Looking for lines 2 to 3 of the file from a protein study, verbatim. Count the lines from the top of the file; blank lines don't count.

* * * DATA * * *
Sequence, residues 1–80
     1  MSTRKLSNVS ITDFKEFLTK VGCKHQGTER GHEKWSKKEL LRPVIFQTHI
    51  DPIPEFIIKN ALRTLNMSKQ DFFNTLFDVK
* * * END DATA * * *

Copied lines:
     1  MSTRKLSNVS ITDFKEFLTK VGCKHQGTER GHEKWSKKEL LRPVIFQTHI
    51  DPIPEFIIKN ALRTLNMSKQ DFFNTLFDVK